Here are two trendy developments in terms of inward remittance and ready-made garments (RMG) export to the USA. The first one has had a breath of fresh air as though in a spurt. It requires consolidation and building on the momentum created in the remittance sector. The second one calls for a halt to the decline in apparel export to the US and roll it back into relative vibrancy.
Marking a break with a gloomy trend in remittance, this major foreign exchange earner has buoyed up. As for the other source of export earning, the RMG sector of which a slice goes to Generalised System of Preferences (GSP)-denied US market we have earned every dime through the hard way. There Bangladesh is losing market if only slightly but enough to set alarm clock to break our somnolence.
When expatriate Bangladeshis had sent home US$12.77 billion in 2016-17, posting a steep fall by 14.47 per cent year-on-year, the lowest in six years, we decided something had to be done. The lure of open market exchange rates and quick delivery of cash to beneficiaries pulled many in the expatriate community into the clutch of informal channels operators.
Heartening to note though the size of inward remittance grew by nearly 11 per cent to US $ 560.42 million in the first five months of the current fiscal year. Markedly it rose to US $ 1,21 billion in November 2017 alone, up by US $ 51.98 million from US $ 1.16 billion in October last, according to Bangladesh Bank figures.
Central Bank officials claim that the turning of the corner has taken place due to its strengthened monitoring focused on curbing illegal fund transfers.
A slew of measures are attributed by officials to the uptrend in remittance inflows. Currently, 29 exchange houses of 15 commercial banks operate across the globe to bolster inflow of foreign currencies. Besides, all banks have set up 1,196 drawing arrangements overseas for collection of remittances from wage-earners.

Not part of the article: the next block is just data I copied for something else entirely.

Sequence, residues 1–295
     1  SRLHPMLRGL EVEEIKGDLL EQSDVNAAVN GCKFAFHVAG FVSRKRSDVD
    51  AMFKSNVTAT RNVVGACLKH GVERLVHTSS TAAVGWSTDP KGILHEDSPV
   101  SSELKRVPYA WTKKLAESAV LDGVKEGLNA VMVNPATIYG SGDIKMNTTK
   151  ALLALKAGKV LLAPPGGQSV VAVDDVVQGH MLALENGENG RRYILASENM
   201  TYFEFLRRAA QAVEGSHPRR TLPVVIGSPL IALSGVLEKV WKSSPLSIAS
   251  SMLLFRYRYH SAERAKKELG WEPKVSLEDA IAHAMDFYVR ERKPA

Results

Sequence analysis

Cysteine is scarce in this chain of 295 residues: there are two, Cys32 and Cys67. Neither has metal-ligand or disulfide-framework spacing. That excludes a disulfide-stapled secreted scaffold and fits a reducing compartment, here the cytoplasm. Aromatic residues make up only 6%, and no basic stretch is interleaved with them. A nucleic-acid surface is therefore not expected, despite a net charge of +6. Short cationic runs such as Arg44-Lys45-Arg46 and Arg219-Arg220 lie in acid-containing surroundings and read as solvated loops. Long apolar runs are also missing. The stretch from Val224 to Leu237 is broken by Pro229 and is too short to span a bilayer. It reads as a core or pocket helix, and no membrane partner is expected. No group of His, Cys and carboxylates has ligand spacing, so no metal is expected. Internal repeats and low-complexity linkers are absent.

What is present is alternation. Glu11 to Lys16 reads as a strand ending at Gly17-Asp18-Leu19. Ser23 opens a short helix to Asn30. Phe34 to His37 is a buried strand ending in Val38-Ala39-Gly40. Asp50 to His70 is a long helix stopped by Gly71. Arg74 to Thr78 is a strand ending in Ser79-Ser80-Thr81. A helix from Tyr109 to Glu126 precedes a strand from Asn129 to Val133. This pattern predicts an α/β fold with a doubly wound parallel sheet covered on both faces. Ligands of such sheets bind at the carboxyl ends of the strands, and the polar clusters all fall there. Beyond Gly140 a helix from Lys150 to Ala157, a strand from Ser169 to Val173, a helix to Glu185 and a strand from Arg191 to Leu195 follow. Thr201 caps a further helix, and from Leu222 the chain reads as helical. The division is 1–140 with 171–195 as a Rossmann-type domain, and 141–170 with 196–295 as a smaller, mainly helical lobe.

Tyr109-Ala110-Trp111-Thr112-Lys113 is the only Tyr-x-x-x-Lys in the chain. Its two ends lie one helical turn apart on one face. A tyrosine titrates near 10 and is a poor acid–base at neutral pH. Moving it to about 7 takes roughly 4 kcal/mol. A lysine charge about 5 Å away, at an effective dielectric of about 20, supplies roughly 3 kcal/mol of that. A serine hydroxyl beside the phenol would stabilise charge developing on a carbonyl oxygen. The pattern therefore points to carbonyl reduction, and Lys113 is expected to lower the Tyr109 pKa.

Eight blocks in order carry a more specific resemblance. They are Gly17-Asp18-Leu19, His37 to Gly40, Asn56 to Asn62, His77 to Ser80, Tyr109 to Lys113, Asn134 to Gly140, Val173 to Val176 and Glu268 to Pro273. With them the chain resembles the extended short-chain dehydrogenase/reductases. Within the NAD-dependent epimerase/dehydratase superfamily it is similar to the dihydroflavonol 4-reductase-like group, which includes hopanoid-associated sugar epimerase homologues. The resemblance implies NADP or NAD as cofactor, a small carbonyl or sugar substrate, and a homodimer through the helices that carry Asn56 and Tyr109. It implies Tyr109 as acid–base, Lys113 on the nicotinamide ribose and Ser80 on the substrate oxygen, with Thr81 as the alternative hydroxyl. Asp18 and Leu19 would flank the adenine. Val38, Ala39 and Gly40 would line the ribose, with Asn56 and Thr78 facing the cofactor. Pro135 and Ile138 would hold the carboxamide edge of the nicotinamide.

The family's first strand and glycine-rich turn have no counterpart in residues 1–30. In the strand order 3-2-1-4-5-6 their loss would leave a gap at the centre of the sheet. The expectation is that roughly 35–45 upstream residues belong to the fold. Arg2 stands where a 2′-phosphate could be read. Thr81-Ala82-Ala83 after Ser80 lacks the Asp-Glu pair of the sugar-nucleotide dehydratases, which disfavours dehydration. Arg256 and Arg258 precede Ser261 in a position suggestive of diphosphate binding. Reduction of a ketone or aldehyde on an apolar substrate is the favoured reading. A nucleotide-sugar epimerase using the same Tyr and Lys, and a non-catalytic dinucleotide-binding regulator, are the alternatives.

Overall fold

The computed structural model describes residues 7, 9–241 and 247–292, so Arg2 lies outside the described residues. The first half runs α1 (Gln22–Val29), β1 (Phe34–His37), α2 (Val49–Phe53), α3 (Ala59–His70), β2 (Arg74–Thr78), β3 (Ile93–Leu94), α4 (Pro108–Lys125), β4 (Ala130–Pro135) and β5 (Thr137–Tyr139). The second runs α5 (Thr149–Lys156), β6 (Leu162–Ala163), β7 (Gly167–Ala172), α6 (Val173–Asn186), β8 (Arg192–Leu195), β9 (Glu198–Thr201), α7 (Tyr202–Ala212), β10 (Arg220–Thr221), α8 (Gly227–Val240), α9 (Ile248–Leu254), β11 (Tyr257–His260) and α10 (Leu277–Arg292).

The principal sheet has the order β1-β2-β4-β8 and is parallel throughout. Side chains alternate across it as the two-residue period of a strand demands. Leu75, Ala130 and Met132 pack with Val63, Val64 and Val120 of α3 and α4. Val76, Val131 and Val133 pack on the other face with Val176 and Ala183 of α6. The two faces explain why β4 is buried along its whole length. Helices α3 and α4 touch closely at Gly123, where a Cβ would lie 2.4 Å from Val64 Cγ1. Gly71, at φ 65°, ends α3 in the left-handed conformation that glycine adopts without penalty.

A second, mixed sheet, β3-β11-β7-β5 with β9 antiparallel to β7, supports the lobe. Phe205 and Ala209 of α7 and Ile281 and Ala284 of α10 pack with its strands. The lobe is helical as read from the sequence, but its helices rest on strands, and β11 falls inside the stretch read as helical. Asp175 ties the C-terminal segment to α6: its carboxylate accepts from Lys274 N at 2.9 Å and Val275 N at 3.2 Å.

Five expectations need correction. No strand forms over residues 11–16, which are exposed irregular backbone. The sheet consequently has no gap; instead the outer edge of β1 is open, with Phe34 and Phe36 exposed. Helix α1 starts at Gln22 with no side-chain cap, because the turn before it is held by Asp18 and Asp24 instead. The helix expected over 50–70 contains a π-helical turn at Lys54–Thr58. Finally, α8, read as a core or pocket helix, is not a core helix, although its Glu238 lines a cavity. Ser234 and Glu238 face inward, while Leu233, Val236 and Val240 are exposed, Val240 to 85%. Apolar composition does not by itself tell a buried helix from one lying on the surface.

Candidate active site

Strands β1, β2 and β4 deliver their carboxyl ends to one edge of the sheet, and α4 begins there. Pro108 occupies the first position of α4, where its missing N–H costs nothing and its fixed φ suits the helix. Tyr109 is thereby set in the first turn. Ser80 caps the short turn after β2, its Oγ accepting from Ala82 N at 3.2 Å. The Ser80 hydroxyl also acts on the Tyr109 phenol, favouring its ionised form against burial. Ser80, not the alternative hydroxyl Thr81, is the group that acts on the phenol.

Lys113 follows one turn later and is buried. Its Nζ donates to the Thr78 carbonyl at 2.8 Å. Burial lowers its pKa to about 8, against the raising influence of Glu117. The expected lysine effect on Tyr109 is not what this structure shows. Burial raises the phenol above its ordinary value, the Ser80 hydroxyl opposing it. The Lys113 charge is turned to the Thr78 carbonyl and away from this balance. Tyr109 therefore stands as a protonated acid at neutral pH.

Mamun-UR-Rashid, managing director of standard bank, said, 'mobile finance service providers ( MFS) were asked recently by the central bank to suspend suspicious accounts of agents who settle cross-country financial transactions by bypassing the money laundering and terror financing laws'. This, he observed, paid off by boosting remittance income.
It will be utopian to suggest that one fine morning the Hundi operatives and the users have hung their gloves as the latter became decent converts to funneling money through formal banking routes!
We need to factor into the mix heavy depreciation of Taka as against the American greenback. The advantage of open market rate of foreign currencies with which the Hundi operators were enticing their gullible customers was all but lost to them. The migrant workers weighing up the risk factor in addition to good rates they were getting from official channels opted for the latter.
In this context, we raise a pertinent point: Determine by all means the proportion of remittances increasing by virtue of the central bank's measures to counter Hundi and that which is attributable to the bonus points due to depreciation in the value of Taka.
Bangladesh is the third largest exporter of garments to the US market after China and Vietnam. Our share of the US market dropped to 6.35 per cent - last year it was 6.57 per cent. In spite of Banladesh's RMG sector having dexterity and good quality products, it is losing out on lead time that will have to be improved upon. Also, we need to overcome gas and power crises in the sector.